Ferdinand II, 1810–59, king of the Two Sicilies (1830–59), son and successor of Francis I. Although initially he sought to improve the wretched conditions of his kingdom, he soon relapsed into the repressive policies of his predecessors and became an absolute despot. Fear of revolution made him grant a constitution in 1848, but when disorders broke out in Sicily he ordered the bombardment of Messina (1848) and Palermo (1849)—an act that earned him the nickname "King Bomba." He soon revoked the constitution, becoming even more reactionary. Great Britain and France, in protest against his inhuman treatment of at least 15,000 political prisoners, withdrew their envoys (1856). He was opposed by conservatives as well as liberals. The political isolation brought about by Ferdinand facilitated the fall of the dynasty under his son and successor, Francis II.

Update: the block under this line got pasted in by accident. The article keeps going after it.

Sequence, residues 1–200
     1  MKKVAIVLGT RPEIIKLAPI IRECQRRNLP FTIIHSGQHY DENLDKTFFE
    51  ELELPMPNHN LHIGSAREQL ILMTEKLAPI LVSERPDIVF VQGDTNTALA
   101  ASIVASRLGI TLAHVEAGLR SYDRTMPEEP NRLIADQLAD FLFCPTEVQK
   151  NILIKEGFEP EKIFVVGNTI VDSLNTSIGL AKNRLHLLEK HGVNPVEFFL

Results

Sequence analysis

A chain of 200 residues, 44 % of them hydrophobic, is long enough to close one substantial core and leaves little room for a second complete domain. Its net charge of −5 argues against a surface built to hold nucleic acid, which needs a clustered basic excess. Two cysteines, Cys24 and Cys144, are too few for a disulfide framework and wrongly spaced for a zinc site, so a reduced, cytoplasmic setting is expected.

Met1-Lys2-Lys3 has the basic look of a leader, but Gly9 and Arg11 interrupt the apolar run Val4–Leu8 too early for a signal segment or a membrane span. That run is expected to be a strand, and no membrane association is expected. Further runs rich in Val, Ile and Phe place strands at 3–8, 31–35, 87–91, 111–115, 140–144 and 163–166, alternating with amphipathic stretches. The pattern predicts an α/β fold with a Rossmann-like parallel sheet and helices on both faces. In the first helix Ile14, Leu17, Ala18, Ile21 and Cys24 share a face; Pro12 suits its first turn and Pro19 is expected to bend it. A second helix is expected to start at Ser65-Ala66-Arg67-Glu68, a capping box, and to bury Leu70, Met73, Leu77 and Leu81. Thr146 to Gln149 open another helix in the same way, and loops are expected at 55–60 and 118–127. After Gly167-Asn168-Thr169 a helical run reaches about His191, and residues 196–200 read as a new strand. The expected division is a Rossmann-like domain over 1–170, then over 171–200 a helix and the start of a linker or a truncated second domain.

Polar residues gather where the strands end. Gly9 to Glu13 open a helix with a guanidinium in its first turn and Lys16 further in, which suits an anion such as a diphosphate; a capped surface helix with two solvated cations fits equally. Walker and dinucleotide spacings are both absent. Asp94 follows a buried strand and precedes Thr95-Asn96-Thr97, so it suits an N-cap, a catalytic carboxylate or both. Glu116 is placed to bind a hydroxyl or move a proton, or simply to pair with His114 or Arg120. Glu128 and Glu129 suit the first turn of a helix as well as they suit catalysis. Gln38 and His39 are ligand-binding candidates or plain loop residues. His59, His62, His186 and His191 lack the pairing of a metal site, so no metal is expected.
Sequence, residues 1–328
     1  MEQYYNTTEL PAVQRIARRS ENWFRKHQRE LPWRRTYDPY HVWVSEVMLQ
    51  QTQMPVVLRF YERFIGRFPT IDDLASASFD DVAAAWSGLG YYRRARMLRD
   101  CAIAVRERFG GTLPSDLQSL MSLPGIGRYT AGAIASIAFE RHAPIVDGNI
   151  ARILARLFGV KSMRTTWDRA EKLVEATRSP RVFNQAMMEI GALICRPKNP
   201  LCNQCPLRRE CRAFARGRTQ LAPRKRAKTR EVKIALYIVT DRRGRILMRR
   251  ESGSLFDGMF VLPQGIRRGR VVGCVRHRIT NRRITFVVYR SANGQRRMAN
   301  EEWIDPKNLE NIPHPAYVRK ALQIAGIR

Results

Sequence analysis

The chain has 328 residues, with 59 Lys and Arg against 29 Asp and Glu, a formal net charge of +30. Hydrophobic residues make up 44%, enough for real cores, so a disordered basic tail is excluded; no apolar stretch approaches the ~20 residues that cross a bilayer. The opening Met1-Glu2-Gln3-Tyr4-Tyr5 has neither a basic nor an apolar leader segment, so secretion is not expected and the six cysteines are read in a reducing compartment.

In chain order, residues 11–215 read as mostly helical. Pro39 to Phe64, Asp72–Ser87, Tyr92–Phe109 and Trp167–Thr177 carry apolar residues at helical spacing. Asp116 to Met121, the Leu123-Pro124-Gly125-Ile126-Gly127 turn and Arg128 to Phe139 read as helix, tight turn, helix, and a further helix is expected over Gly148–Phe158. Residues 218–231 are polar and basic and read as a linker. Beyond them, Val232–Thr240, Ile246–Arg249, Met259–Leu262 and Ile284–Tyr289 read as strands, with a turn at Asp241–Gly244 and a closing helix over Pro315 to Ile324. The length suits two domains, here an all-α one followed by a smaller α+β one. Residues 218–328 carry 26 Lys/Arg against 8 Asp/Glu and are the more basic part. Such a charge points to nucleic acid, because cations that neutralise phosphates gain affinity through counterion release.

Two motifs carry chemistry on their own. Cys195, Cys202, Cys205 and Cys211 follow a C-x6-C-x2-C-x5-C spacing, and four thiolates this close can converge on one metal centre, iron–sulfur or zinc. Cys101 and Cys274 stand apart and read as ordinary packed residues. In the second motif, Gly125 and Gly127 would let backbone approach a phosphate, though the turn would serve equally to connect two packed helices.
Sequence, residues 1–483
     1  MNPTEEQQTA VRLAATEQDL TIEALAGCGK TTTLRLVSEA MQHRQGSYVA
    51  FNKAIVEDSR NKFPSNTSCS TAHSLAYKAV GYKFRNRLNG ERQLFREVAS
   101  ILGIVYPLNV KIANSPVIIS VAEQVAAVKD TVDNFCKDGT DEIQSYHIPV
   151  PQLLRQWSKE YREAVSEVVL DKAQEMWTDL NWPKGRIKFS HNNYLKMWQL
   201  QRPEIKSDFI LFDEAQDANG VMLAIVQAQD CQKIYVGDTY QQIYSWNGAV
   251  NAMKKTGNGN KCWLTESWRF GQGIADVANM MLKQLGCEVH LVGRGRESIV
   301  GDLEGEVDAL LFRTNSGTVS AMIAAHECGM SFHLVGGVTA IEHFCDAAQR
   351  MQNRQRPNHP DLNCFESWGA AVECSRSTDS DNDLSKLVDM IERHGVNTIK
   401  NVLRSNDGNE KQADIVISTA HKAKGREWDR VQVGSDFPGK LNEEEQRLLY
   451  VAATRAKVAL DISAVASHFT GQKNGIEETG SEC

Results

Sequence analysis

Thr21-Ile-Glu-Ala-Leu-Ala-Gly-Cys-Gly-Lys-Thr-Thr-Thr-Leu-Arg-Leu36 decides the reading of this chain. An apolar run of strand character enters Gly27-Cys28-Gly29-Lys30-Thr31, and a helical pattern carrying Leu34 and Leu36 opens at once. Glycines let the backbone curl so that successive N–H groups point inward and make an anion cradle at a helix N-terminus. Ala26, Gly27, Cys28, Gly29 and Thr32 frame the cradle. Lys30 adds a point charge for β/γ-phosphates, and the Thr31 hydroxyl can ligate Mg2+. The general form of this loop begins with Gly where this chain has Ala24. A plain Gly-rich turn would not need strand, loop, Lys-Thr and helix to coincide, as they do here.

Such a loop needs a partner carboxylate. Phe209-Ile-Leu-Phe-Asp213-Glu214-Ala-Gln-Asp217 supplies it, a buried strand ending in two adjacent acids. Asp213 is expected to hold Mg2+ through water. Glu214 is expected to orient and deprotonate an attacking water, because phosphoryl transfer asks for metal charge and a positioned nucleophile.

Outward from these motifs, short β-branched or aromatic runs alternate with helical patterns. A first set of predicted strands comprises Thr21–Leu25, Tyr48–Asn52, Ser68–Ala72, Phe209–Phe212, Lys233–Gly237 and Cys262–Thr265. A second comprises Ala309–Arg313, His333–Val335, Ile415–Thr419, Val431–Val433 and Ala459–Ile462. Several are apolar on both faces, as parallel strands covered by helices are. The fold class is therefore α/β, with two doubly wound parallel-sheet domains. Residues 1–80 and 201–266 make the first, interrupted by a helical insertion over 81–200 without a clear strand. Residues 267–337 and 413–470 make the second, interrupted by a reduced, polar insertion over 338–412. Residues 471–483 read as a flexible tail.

See H. M. Acton, The Last Bourbons of Naples (1961).
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